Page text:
Found on Saturday by resident and local Scarborough birder Steve Pinder in and around his garden. As most field guides don’t illustrate such new and emerging species as the Eastern Black Redstart (seen what I sneaked in there) he thought it must be a male Common Redstart. Thankfully Long Nab devotee, Nick Addey thought he’d better take a look. BOOM! Britain’s 5th ever Eastern Black Redstart taxon: phoenicuroides.
P.S. Excellent craic with Flambro and Filey birders- Rich and Gaynor, Phil C. and Mark (WBD) Pearson…
It’s a 1cy male with mostly adult type greater coverts on the left wing but more obvious mix of juvenile and adult type greater coverts on the right wing. A bit of video (it looks very smart!)
The wing formula looks good for phoenicuroides but here it is for the further close study with primary tips and some emarginations action :).
and I was very grateful to capture some calls as it had bouts of being quite vocal. Want to look at this versus other redstart calls when get chance. Of jump in if you are interested and have comment to make on these calls.
Following confirmed occurrence in NW Europe (Britain, Netherlands and Finland) in the last 2 years the early murmurings were about how these were not really identifiable in the field.
As my Canadian past self might articulate “Is that right?”
I am gaining confidence that they really are identifiable. Illustrating their distinctiveness from Siberian Stonechat ‘maurus’, a greater challenge can be separating some Stejneger’s from the European Stonechathibernates/rubicola. Lots more in this book of course 🙂
Have a look at these 3 shots which encapsulate key features of this 1st winter female on Fair Isle this autumn- with thanks to Fair Isle warden, David Parnaby. More on that bird HERE.
As a reminder here’s the 1st winter male in October 2012 in Britain and Netherlands (DNA confirmed). More on that bird HERE.
Here’s a 1st winter male from Orivesi, Pappilanniemi, Finland on 7th November 2013 (DNA confirmed). This last one features in a must-read paper in British Birds by Magnus Hellström and Gabriel Norevik. More HERE.
Beautiful and fuller set of photos by Jani Vastamäki are HERE.
Here’s a photo with a slight nerd warning, primarily for those of you deeply into this subject…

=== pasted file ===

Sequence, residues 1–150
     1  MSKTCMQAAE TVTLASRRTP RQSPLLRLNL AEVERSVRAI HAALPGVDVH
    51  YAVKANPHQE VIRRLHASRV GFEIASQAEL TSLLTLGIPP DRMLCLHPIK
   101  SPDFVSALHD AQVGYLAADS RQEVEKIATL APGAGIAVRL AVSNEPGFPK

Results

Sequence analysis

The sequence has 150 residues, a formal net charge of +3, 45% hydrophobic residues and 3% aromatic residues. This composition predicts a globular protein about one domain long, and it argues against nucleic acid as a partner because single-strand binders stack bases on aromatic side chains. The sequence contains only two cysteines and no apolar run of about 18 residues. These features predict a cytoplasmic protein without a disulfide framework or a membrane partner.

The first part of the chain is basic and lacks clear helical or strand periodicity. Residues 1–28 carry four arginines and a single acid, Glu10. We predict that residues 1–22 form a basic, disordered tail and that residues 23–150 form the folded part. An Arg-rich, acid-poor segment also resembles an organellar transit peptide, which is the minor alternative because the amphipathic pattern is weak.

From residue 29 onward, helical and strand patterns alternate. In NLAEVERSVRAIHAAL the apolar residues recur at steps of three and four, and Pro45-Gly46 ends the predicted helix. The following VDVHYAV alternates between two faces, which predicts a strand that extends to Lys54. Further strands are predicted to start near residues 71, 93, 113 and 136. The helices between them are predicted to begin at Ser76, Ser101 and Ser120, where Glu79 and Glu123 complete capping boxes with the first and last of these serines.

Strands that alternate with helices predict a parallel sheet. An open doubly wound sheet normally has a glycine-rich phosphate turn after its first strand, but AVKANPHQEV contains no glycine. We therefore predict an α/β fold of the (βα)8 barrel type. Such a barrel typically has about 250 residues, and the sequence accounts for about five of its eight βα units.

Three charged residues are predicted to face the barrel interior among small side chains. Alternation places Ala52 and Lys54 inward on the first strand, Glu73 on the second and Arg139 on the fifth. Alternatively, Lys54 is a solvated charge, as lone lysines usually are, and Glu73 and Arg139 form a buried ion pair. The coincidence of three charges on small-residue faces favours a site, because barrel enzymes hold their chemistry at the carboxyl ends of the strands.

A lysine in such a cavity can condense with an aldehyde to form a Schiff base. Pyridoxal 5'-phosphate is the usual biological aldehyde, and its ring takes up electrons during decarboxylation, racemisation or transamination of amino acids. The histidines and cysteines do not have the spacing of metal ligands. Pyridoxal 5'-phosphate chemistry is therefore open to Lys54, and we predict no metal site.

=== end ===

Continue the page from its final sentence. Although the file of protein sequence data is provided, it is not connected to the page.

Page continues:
During the autumn we caught 12 Chiffchaffs at Ottenby Bird Observatory, which we have recorded as Siberian Chiffchaffs ‘tristis’. Several were very typical but also some best described as ‘fulvescens’ (western tristis)- showing slight presence of yellow, and perhaps a trifle more olive above. The image is a rather amusing compilation, and gives a quick impression of the variation.
This Stonechat has been with us three days now, but has been incredibly elusive and jumpy. Finally got some photos this morning (2nd Nov) that appear to confirm our field suspicions of:
Unmarked, orange rump
Relatively prominent supercilium (esp when viewed from the front)
Pale wing panel (pale edges to secondaries/tertials)
The tentative conclusion is that it looks like Stejneger’s Stonechat is the best fit.
They are surely right on the money. It’s a first winter and with non black underwing- a female. Perhaps therefore the first female Stejneger’s to be identified in the Western Palearctic (albeit with all that tentative stuff). I checked with Nils van Duivendijk and Andy Stoddart who also thought it basically looked the biz. The primary projection (I think) looks too long for European birds, the supercilium bit thicker than some Stejneger’s but probably OK. However check out those lovely plain flanks and the colour of that plain rump!
Perhaps it travelled on the same flight over as the Eastern Crowned Warbler?
Lots more on identifying Stejneger’s Stonechat in the Challenge Series: AUTUMNwhich according to David Parnaby helped with the ID process of this bird.
Andrea Corso has been in touch. Though he’s not on this special island, but Ottavio Janni is. A couple of days ago was Ottavio’s first day on the island. Result: 1 Little Bunting, 4 Yellow-browed warblers and THIS Redstart.
Nice one Ottavio (all his photos). Looks a very good candidate for the easternphoenicuroides.The buff fringes to wing coverts and the emergent black bib make it a first winter male.
I was a bit wary about the whiter looking fringes to secondaries but a scroll through photos and chat with Andrea seem to make it ok.
The first shall be last. This was the first and biggest chapter to be written. It’s the last in the book. 6 taxa, all kinds of new info, new species possibilities and surely some big finds to come this autumn for those prepared…
For more on the content and how to buy the book click HERE.
1cy male Siberian Stonechat- maurus. October. Martin Garner
It is great when reasonably common species throw up something new. Chris Hind observed a Whinchat with an usual call in the North Pennines recently; he shares his observations here.
In the North Pennines I heard a male Whinchat giving a call that I was unfamiliar with.
The bird was producing the normal ‘yu – tek, yu – tek’ series of sounds but also adding in some ‘hoeet’ elements. It almost sounded as if a nearby Willow Warbler was joining in but no, I could see this bird vocalising all the sounds as it opened its bill for each note. I made a sound recording as it continued to call in this same way.
Sonogram showing atypical call
The use of mimicry in the song of Whinchat is well documented (BWP) but there is no reference to any other elements in the call other than the two ‘yu’ and ‘tek’ sounds. Similarly I have been unable to find any sound recordings indicating variance from the normal calls. Personal communication with local ‘Whinchat workers’ has also revealed no atypical calls in their experience.